4 Rules for Creating Lead Generation Forms

4 Rules for Creating Lead Generation Forms

A [FREE PRESS RELEASE TEMPLATE] made its way into the company email. The source was reputable. The content was intriguing (who knows how to write a professional press release anyway?). And the word “free” made it worth the extra click. 

 

All we had to do was provide a little information: 

 

✔ Name

✔ Last Name

✔ Email

✔ Work Phone

✔ Company

✔ Company Website URL

✔ Company Size

✔ Company Yearly Income

✔ Job Title

✔ What is your greatest challenge professionally? 

 

Unlike applying for a home mortgage loan, this amount of personal information isn’t going to yield big rewards. 

 

The reward was a simple template, and this was absurd. 

 

Leads are valuable because they’re the people who have indicated organic interest in your content and your business by giving you their information. But leads don’t grow on trees, and mistakes like this are costing brands potentially thousands of customers. 

 

So here are four essentials for making lead gen forms work for you as best as they can:

 

  • Keep it short and sweet

  • Write a compelling CTA

  • Allow opt-in and opt-out

  • Focus on privacy

 

Keep it Short, Simple and Easy

 

Every field you add to a form cuts the number of leads by 25%. And according to the 2012 MarketingSherpa Lead Generation Benchmark Report, email is the most important form field across different industry sectors.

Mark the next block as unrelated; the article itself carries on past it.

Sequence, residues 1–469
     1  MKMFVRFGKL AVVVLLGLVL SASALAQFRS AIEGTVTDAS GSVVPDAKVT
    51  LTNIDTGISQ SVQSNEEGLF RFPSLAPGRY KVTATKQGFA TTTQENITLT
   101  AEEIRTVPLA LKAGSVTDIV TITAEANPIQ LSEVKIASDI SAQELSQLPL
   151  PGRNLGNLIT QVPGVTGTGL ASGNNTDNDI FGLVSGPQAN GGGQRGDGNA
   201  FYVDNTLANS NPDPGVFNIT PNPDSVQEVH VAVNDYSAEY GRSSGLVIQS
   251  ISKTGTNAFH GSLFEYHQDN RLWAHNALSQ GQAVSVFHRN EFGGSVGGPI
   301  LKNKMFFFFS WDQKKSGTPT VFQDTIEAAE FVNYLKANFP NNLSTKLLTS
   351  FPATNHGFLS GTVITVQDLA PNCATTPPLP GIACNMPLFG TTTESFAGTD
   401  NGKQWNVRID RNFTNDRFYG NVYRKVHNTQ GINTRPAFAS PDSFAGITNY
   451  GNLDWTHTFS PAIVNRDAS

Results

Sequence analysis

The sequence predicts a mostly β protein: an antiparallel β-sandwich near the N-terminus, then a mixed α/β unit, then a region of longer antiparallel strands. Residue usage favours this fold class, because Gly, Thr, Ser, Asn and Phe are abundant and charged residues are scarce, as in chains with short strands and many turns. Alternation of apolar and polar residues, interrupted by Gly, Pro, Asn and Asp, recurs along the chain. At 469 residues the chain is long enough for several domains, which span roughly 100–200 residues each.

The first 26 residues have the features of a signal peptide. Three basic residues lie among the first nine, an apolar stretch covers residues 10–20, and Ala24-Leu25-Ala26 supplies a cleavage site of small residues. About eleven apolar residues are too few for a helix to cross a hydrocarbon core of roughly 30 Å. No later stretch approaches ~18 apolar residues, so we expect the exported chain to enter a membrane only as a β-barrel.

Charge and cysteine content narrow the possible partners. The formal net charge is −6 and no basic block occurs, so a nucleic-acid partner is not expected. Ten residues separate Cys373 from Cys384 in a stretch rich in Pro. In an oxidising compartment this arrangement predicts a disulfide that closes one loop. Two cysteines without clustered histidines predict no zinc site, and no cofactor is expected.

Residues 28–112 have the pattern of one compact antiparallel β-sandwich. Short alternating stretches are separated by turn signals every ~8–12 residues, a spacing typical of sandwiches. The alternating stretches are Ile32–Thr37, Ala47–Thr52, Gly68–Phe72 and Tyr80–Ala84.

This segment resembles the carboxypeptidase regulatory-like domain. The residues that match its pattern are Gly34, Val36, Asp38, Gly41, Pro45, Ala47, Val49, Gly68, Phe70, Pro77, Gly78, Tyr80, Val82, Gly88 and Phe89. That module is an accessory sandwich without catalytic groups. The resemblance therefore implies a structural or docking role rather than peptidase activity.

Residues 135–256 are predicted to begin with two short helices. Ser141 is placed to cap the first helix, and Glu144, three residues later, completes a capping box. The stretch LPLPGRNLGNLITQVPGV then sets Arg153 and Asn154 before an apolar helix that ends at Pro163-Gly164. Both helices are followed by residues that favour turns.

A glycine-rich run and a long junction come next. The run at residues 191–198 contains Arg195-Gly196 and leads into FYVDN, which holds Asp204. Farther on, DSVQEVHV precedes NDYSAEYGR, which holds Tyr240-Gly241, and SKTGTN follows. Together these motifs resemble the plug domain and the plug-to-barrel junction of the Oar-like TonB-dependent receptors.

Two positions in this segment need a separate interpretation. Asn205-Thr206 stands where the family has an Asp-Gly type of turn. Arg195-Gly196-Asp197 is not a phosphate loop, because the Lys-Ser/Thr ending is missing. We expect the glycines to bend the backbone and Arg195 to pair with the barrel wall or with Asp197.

“Qualified” leads simply mean “more likely to buy.” It does not mean “endured tedious data extraction.” Typically, contact information like email and phone number are essential but demographic questions can be reserved for the future in a process called “progressive profiling.” 

 

Although there’s no defined set of form fields that yields the greatest number of conversions, you’ll see results the moment you start to request only the necessary information using fewer form fields. 

 

Make each field simple by offering checkboxes, drop-downs, or simple answers to lessen the work. Who wants to answer open-ended questions for strangers? If you must include them, keep them optional. 

 

Write a Compelling CTA 

 

Words have the ability to add incentive. Your submission button can remind prospects what they’ll get for the information they choose to share.

 

Ensure that you’ve incorporated a strong CTA, or call-to-action, that compels people to make that final submission. 

 

Examples like “Start Class Now,” “Get your free ebook now,” or “Create Account & Get Started” have been proven to increase conversions compared to their simpler but more vague counterparts such as, “Download,” “Submit,” and “Create My Account.” 

 

Include Opt-in Options to Avoid Complaints

 

Although email is the most important field across industry sectors, it’s also your biggest obstacle. Users fear spam, and so they should. 

 

Giving leads the ability to opt-in (or out) of receiving email from the organization accomplishes a few things:

 

  • It reduces the number of spam complaints against your business, thereby reducing any possibility for future messages to be marked as spam. 

 

  • It increases your leads’ sense of privacy, which means that you’re more likely to receive primary emails as opposed to separate spam collection email accounts intended to trap and ignore your follow-ups.